I arrived home recently to find a crisp white bag suspended from my door knocker, as chubby and enticing as a beaming swaddled baby swinging from a stork’s beak. Nervous, not expecting a delivery of any sort, I peered inside. A flash of green satisfied me that it wasn’t an unsavoury surprise (rarely do bad things come packaged in such verdant tones) so trustfully I cradled the white bag across the threshold and gingerly unpacked it on the kitchen table.
The most stunning vegetable I have ever had the pleasure to meet. The textured exterior with striations of intricate pattern displayed perfectly against the backdrop of rosewood. It was as if I had accidentally stumbled upon a Deliciously Ella photoshoot. Before me lay a magnificent marrow. Or a supercharged courgette. I’m not sure which, but all the while impressive. I unpacked his brothers, little speckled green soldiers lined up beside him, punctuated by a surprising yellow fellow – slightly smaller, but all the sweeter for having retained his sunshine hue. Twisted snarls of long green beens tumbled out on top of them, delightful in their furry texture and sword like, snappable length. I gazed at the personable vegetables, I practically gave them names. I loved them.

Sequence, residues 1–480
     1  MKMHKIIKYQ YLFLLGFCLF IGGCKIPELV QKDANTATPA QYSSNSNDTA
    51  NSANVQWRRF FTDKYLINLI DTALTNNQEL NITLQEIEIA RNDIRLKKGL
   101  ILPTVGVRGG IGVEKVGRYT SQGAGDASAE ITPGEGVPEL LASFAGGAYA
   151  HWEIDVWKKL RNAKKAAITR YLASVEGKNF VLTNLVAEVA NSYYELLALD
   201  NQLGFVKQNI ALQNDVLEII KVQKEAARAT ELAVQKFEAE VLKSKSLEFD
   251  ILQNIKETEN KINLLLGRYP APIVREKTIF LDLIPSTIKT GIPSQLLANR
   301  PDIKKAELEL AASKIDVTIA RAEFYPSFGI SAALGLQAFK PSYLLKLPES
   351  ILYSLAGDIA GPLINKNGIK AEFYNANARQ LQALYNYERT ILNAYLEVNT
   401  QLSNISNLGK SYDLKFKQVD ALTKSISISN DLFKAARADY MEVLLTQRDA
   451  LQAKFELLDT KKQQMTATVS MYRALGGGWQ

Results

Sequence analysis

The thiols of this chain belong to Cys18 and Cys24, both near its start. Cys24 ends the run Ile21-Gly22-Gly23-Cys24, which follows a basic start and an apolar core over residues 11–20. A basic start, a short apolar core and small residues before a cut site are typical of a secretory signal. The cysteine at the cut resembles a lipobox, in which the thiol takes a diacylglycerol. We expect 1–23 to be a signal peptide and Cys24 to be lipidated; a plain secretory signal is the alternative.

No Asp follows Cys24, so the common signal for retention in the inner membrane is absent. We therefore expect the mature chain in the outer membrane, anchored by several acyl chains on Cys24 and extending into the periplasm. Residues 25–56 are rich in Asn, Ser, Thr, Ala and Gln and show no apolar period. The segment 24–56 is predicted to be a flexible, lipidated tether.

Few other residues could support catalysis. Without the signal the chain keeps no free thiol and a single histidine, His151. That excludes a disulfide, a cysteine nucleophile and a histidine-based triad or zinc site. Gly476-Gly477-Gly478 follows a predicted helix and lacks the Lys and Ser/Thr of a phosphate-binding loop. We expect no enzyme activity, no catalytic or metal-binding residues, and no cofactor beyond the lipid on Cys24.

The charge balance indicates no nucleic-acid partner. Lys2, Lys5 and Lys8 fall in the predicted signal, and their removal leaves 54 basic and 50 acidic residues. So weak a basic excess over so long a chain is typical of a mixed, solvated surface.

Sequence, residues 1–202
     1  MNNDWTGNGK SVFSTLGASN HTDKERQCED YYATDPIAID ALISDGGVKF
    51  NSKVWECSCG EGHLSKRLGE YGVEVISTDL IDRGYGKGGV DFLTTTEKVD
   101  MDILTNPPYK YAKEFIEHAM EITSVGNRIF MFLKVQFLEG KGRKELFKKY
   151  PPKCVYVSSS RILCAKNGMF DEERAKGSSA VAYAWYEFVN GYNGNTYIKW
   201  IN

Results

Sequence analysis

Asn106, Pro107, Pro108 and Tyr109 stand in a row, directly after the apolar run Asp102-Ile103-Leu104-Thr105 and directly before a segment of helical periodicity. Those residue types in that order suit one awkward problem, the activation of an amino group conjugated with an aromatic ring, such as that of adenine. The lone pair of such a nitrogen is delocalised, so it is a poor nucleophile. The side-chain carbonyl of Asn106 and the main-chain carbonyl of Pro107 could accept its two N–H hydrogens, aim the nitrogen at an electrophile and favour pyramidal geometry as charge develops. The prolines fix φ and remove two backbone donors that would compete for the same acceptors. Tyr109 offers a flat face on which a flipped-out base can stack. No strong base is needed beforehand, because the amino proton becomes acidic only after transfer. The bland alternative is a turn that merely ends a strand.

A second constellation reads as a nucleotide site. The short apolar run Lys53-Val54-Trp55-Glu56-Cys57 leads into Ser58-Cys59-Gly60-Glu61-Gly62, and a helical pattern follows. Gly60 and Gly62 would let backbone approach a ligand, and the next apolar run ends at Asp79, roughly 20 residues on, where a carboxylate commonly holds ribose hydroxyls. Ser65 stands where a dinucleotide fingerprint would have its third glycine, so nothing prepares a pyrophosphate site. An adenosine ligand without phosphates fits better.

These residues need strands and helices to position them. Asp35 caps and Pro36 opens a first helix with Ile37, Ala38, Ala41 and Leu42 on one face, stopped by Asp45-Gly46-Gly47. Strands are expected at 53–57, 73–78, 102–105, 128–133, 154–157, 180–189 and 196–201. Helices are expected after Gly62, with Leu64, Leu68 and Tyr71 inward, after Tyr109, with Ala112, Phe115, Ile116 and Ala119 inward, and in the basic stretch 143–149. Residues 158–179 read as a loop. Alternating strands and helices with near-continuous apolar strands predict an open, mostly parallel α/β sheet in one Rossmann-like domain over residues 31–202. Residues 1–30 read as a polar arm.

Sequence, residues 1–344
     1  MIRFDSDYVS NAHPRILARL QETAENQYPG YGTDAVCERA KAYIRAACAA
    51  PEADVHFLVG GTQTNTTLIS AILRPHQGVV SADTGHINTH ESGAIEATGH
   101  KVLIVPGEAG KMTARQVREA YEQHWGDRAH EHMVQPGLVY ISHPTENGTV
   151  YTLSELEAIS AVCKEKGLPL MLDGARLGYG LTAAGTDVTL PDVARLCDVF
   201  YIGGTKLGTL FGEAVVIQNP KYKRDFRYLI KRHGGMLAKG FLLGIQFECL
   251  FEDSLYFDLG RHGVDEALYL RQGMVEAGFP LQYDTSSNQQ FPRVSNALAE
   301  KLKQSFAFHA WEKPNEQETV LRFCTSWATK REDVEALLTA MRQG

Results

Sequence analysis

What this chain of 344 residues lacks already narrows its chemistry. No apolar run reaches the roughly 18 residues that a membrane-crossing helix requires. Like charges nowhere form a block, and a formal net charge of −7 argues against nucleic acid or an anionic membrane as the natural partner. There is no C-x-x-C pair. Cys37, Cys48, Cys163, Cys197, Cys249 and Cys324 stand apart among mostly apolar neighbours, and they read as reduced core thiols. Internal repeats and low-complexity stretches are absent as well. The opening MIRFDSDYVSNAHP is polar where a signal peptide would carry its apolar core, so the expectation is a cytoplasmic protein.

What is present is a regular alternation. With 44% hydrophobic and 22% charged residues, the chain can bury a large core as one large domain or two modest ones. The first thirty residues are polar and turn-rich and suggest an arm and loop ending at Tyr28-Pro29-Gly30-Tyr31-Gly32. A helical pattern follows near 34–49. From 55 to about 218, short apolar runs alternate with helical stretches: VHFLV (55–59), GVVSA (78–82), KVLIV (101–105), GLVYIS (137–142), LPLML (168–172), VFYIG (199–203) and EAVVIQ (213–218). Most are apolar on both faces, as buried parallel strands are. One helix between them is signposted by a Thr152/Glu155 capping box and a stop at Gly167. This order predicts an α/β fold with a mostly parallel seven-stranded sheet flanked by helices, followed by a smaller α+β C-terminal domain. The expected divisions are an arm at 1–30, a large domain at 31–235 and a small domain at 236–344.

No note, no explanation. But I knew instinctively they were green gifts from my neighbour, a quietly busy lady, her front garden a riot of scarlet splashes and deep purple streaks. According to local legend, her back garden is full to overflowing with Good Life goodies: apples, tomatoes, corn, beans. I can’t keep a humble spider plant alive, so am in total awe of anyone who can actually sustain themselves with the alchemic magic of rain, seeds and sunshine. I dropped her a grateful note on a beautiful card. She smiled graciously next time I saw her, and told me she was pleased someone could use and enjoy her glut of produce. The next day, a brown paper bag bursting with beautiful tomatoes sat like a bountiful buddha on my Welcome mat.
Abundance, my sage friends. A word normally attributed to nature. My shy neighbour and her garden overspill has blossomed into quiet contentment and a peaceful sharing of neighbourly friendship that I feel will continue to grow. A rambling riot of abundant good feeling that will last long past this summer and its kindly vegetable offerings.